BANGOR, Maine — The Bangor School Committee on Wednesday voted to pursue a one-year waiver of a law that requires high schools to award diplomas under a new system by 2018. Under the law, students entering ninth grade in the fall will have to demonstrate that they have mastered the state’s learning standards in order to graduate in 2018.
“In my opinion it would be ethically and morally wrong to tell our incoming freshmen that they’re going to be graded on a system that has not been tested and proven reliable,” said Bangor superintendent Betsy Webb at the school committee meeting.
The committee voted unanimously to support Webb and Bangor High School Principal Paul Butler in their effort to pursue a waiver.
“Our feeling is we can’t create that and perfect it at the same time,” Butler told the school committee.
“We’re close,” he said and explained that Bangor High School teachers have been developing a new curriculum and assessments that will enable students to graduate with a proficiency-based diploma, as the law requires. Bangor High School already uses this system, which it calls a “blended system,” in math, science and English, but the law expands the system to eight different subjects.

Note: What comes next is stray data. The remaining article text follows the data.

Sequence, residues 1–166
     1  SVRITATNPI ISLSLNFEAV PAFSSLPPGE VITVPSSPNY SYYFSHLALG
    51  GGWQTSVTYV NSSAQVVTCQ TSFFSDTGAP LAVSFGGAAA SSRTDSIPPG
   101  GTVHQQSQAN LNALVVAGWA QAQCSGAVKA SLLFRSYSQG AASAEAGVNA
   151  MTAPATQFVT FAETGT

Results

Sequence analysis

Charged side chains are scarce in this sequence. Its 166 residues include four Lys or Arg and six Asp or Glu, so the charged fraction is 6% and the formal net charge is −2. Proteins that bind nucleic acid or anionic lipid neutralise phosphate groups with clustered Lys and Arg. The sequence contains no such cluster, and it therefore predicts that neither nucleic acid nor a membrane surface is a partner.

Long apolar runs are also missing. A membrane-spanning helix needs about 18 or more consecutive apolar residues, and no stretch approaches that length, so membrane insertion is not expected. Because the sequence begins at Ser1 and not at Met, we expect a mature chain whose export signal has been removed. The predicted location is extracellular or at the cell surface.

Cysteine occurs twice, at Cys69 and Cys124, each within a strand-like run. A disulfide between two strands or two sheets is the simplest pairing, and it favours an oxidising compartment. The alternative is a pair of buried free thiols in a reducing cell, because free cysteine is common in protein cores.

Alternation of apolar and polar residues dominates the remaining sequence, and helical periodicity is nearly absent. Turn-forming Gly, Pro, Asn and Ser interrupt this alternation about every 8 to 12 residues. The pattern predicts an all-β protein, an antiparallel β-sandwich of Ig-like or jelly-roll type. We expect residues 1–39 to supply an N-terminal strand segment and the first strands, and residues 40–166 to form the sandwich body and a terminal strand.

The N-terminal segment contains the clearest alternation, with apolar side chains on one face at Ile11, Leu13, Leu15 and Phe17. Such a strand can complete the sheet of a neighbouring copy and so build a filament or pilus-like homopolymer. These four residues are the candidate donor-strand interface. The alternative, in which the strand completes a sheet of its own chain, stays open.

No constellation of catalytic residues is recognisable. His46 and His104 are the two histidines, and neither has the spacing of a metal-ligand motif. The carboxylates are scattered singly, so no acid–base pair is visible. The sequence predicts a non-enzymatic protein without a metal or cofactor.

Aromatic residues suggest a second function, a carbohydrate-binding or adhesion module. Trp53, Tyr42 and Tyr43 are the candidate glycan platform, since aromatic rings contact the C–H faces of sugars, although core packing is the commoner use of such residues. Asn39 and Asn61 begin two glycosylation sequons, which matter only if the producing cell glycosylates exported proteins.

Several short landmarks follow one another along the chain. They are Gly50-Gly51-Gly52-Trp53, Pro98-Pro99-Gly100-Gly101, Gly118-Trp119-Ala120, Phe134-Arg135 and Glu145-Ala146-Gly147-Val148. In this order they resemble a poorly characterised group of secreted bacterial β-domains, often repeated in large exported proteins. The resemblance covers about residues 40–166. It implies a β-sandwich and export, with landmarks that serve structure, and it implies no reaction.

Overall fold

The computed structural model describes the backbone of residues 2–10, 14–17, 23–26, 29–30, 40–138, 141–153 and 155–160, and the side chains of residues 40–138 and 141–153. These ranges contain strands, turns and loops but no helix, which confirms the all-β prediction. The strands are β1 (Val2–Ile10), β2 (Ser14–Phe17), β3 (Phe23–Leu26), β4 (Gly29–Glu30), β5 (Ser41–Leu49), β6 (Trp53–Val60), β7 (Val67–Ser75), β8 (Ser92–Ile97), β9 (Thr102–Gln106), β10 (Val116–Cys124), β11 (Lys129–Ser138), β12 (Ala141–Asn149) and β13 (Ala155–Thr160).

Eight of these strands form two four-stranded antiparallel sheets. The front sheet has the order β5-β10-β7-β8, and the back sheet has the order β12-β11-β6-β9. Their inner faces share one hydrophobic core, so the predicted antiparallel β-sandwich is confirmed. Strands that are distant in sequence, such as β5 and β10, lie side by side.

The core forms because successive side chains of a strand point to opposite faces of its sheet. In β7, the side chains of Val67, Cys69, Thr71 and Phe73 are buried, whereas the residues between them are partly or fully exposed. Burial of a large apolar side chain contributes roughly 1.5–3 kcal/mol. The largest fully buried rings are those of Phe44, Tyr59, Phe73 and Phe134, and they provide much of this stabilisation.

Butler said that the school is ready to comply with the law, but would have a better system in place if they are given another year to implement it.
“A one-year waiver provides the necessary time for BHS to develop, review, pilot, refine and finalize the core elements of the blended system,” Butler said in a memo addressed to Webb, which was distributed at the committee meeting. Webb said a version of this memo would be submitted to the Maine Department of Education as part of their request for a waiver.